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Friday, 21 September 1928


Mr C RILEY (COOK, NEW SOUTH WALES) .- The honorable member for Moreton (Mr. J. Francis) regards this measure as an indication of the Government's determination to carry out the mandate which he said it had received from the people. The Government has had three years in which to deal with these imaginary extremists in our midst, and to honour the promises that were broadcast throughout the Commonwealth before the last election. If, owing to unforeseen circumstances this Government is returned at the next election, I dare say we shall hear the honorable member for Moreton, during the closing stages of the next Parliament, saying that some other weird piece of legislation is a further indication of the Government's determination to carry out a mandate it had received then possibly ten years ago.

In considering this bill one must look for the motive of its framers, and I am of the opinion that the Government, knowing that it was going to the country in the course of a couple of months, was keenly disappointed at the partial collapse of the waterside workers' strike. The Nationalist party organizers and an army of agents and stunters. paid by the " moneybags " of this country, seized every opportunity in an atmosphere of hysteria last election of snatching a political victory. They did not wish the present strike to be settled and are doing all in their power, not only by using the machinery of government, but also through the activities of unscrupulous organizations outside to bring about an extension of the trouble. This measure has been introduced to please outside interests which are keenly anxious that this Government should receive a further lease of life and that during the next redistribution they will gerrymander the electorates in such a way that there will be little possibility of their meeting political defeat. In view of this coldblooded display of coercion it is interesting to recall some of the remarks made by this peacemaker, the Prime Minister, before the Constitutional Association in Sydney on the 6th February last. The Prime Minister, dealing with the desirableness of promoting industrial peace, said -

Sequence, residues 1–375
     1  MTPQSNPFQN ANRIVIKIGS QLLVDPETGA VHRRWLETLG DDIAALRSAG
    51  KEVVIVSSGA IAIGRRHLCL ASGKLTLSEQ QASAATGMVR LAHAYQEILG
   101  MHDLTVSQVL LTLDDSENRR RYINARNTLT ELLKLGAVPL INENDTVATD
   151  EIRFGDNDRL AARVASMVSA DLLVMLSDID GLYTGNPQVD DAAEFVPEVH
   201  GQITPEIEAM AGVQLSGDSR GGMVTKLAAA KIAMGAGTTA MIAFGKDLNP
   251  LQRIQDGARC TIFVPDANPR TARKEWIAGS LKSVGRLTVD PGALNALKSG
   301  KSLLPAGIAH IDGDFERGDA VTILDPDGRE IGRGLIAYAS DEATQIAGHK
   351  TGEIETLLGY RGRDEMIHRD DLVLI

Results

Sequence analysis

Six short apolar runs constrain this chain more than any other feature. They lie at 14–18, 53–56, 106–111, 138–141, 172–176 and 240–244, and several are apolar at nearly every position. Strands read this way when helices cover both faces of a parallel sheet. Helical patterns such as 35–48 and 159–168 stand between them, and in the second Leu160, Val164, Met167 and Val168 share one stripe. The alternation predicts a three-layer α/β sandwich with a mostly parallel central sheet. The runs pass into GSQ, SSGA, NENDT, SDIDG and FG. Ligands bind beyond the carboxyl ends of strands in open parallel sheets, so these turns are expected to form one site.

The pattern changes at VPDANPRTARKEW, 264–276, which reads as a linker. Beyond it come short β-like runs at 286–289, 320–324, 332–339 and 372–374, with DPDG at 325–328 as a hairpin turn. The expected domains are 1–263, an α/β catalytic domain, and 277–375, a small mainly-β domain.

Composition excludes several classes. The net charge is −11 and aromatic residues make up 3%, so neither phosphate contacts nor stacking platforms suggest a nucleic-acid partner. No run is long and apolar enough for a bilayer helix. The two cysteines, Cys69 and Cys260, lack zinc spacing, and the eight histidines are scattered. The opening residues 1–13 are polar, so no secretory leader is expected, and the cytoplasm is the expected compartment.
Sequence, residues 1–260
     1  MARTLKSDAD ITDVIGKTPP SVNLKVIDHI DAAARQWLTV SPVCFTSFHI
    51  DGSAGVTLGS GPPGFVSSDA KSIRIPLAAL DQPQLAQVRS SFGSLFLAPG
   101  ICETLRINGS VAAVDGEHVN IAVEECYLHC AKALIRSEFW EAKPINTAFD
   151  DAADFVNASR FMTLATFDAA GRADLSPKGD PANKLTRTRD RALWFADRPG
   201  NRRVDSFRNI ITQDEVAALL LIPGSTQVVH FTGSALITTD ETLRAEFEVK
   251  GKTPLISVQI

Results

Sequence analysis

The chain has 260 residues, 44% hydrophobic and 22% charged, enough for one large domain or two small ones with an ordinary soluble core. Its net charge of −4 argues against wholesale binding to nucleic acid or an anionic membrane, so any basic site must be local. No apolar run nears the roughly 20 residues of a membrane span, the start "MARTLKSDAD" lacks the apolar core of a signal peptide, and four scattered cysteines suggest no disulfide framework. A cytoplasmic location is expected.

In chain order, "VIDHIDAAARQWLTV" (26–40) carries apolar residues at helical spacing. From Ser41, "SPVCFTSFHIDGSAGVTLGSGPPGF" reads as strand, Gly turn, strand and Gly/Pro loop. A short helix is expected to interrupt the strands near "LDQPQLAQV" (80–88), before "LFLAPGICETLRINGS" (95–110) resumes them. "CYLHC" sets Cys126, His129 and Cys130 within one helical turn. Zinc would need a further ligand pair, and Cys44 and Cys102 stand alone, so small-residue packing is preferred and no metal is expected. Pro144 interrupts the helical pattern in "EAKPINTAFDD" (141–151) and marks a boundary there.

I am confident that a round table conference, animated by a spirit of reason and goodwill, can do more to assist in the solution of some of the problems that confront us than any other action.

That was only seven months ago. He spoke of round table conferences, of reason and goodwill. How comes it, then, that the right honorable gentleman is now sponsoring a bill which,if passed, will undoubtedly create hatred and dissension? The only explanation is that an election is to take place on the 17th of November, and that this has altered his attitude. He is now flourishing a big stick. He also said on the same occasion-

May it not be that the most practical method of approaching the problem we are faced with would be first to endeavour to bring the two sides together in these industries rather than immediately proceed to a conference of the employers and employed, representative of industry as a whole. The wisdom of the adoption of this course would be a matter for the consideration of the conference I have suggested, as would be many other questions of immediate action which might be taken to create the atmosphere in which a permanent settlement could bc achieved.

Later he said -

No one knows better than I do how impossible it is to deal with the reactionary em- ployer. When the worker is swayed by bitterness and mistrust these other extremists are blinded by prejudice and ignorance.

I can sympathize, if I do not agree, with the workers' attitude. I can And no excuses for the reactionary employer, who is not only the enemy of the "class he professes to represent, but -is a menace to the country.

Did the Prime Minister include the shipowners in the class of employers to whom he referred? The prevalence of industrial trouble on the waterfront indicates that the ship-owners are blameworthy. There can be no doubt whatever that they are a reactionary class and a menace to the welfare of the country. It is largely due to the engineering of these captains of industry that the present trouble has been brought about on the waterfront. They have caused the Government to attempt to organize an army of free labour on the wharfs to break down our industrial conditions and make scabs of otherwise good working men. That is not the way to introduce co-operation.







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